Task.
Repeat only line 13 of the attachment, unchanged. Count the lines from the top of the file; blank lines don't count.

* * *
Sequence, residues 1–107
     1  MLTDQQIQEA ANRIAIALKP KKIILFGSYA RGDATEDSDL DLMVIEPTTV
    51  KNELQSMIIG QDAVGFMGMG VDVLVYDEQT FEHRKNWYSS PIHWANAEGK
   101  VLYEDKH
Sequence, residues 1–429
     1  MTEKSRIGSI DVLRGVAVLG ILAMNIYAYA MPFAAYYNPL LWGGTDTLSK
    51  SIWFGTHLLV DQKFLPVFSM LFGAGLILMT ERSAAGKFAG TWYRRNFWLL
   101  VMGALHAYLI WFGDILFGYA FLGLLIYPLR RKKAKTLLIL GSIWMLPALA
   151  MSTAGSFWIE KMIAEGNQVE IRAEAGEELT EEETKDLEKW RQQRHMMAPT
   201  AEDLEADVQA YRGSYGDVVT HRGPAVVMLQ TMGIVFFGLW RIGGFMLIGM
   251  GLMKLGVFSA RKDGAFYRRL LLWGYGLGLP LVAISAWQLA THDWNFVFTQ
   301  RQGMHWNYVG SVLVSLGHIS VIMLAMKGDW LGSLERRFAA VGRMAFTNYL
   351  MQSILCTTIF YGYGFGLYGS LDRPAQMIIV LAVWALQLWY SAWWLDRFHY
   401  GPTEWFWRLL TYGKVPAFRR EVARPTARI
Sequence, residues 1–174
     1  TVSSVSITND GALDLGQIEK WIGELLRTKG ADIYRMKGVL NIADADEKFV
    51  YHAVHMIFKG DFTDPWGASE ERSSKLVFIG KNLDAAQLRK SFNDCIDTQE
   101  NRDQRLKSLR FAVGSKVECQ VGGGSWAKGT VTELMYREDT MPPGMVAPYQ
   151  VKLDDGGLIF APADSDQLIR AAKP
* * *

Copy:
   351  MQSILCTTIF YGYGFGLYGS LDRPAQMIIV LAVWALQLWY SAWWLDRFHY